So, what does this mean? Restaurants with calorie counts posted on their menu boards may be selling healthier choices to their customers, but may also be losing money in lieu of the change.



    Photo Credit: Getty Images

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    A Tyler snake expert pleaded guilty in federal court Tuesday to smuggling seven Peruvian snakes into the United States by concealing them underneath his jacket.

    William Lamar, 63, was caught with the snakes in August at Dallas-Fort Worth International Airport. He had purchased the snakes at a market in Lima, Peru, and flew with them in his jacket to Miami and then to DFW, where a Transportation Security Administration officer found them while Lamar was trying to board a commuter flight to Tyler.

    Lamar is a partial owner of Colorado-based ecotourism company Green Tracks, according to a representative who answered the phone at the company's listed phone number Tuesday. His biography on the company website states that Lamar also conducts research on reptiles and amphibians for the University of Texas at Tyler.

    A university spokesperson confirmed Tuesday that Lamar has been an adjunct professor there but was not able to confirm his current status with the school.

    Lamar is the author of at least three books on snakes and reptiles and has been a speaker at an event for the Austin Herpetological Society, among other events in that field.

    According to several articles posted online, Lamar has spent decades doing research in the Amazon and leading tours in the region.

    According to U.S. Attorney John M. Bales, Lamar stated in an Eastern District of Texas courtroom that he knew he was violating the law by transporting the snakes in his jacket without proper authorization.

    Lamar was not available for comment Tuesday.

    He could face up to five years in prison at sentencing, according to the U.S. Attorney's office. A sentencing date has not yet been set.

    More Dallas-Fort Worth-Area Stories:

    Son Remembers Youth Pastor Killed in Crash
    Dating Service Delivers Duds, Not Dreams: Former Employee
    90,000 Ladybugs Released in Valley Ranch
    City Funds New Home After 911 Calls Went Unanswered



    Photo Credit: Shutterstock and Green Tracks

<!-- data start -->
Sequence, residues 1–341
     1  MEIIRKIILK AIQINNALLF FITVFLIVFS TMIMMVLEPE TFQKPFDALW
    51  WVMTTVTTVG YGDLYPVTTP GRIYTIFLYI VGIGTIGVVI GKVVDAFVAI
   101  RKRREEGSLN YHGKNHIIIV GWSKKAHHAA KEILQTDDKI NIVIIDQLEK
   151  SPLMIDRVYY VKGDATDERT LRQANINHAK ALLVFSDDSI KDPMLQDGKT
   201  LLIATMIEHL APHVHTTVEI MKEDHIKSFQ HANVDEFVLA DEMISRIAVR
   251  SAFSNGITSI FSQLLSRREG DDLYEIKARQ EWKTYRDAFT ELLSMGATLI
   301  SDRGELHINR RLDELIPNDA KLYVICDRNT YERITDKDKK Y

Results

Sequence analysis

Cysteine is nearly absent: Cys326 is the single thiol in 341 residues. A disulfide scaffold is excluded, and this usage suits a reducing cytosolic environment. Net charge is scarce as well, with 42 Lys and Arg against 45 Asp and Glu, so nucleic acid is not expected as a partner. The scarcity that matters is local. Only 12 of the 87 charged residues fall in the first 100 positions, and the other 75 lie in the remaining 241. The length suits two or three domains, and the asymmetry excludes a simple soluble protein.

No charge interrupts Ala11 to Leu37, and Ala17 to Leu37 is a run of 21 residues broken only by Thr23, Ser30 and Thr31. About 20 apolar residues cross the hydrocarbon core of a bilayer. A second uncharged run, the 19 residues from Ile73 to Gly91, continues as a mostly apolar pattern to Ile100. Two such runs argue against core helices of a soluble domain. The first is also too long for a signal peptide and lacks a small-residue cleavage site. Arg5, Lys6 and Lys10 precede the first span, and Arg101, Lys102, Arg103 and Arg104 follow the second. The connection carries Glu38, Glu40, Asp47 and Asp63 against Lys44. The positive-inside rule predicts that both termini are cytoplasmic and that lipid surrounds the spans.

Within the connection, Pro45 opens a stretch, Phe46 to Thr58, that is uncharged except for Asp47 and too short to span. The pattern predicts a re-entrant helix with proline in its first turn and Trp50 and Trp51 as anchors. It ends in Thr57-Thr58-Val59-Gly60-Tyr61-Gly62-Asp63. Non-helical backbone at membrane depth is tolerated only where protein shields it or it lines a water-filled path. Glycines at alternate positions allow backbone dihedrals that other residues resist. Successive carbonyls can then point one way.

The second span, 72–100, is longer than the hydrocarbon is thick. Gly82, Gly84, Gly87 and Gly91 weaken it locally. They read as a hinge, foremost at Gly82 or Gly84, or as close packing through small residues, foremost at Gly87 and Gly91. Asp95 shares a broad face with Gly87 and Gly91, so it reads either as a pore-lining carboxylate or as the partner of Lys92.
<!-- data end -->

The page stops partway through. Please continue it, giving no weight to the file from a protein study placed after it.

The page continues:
William Lamar, 63, was caught with seven at Dallas-Fort Worth International Airport in August.William Lamar, 63, was caught with seven at Dallas-Fort Worth International Airport in August.

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    A former USC professor on the FBI's 10 Most Wanted fugitives list for alleged child-sex crimes has been arrested in the resort city of Playa del Carmen in Mexico, authorities said Tuesday - just a day after he was added to the list.

    Walter Lee Williams, 65, is wanted on charges of sexual exploitation of children and traveling abroad for the purpose of engaging in sexual acts with children. Prosecutor Gaspar Armando Garcia Torres told the Associated Press that Williams was captured late Tuesday while drinking coffee near a park in the Caribbean beach town.

    FBI officials confirmed the arrest Tuesday night. Bill Lewis, the assistant director in charge of the FBI's Los Angeles Field Office, planned to answer media questions about Williams at a news conference Wednesday afternoon.

    Williams was added to the FBI’s Ten Most Wanted Fugitives list Monday after being indicted on charges of producing child pornography and engaging in sexual acts with minors.

    Walter Lee Williams, 64, was the 500th person added to the list since its creation in 1950, the agency announced.

    Williams is accused of traveling from Los Angeles to the Philippines in January 2011 to engage in sex acts with two 14-year-old boys and taking sexually explicit pictures of one of them. He allegedly met the two boys online in 2010 and had Internet webcam sessions with them.

    Williams was a tenured professor of anthropology, history and gender studies at USC. According to a profile that has since been removed from the USC website, Williams was a founding editor of the International Gay & Lesbian Review and also taught at the University of California, Los Angeles, in the 1980s.

    The FBI said Williams preyed upon boys between ages 14 and 17, many of whom live in economically underdeveloped countries.

    “Because of his status, he has the means and access to children, and that’s what makes him dangerous,” said FBI Special Agent Jeff Yesensky in a video released by the agency. “He preys on the most vulnerable children.”

    Williams was charged in Los Angeles on April 30 with one count of producing child pornography, one count of traveling for the purpose of engaging in illicit sexual conduct with a minor and two counts of engaging in illicit sexual conduct in foreign places.

    The FBI is offering a reward of up to $100,000 for information leading directly to Williams’ arrest.

    He is a former Palm Springs resident who has an extensive history of travel through Southeast Asia -- specifically the Philippines -- and may travel to Mexico and Peru, the FBI said. He is also affiliated with the Buddhist Universal Association in Los Angeles.

     

    More Southern California Stories: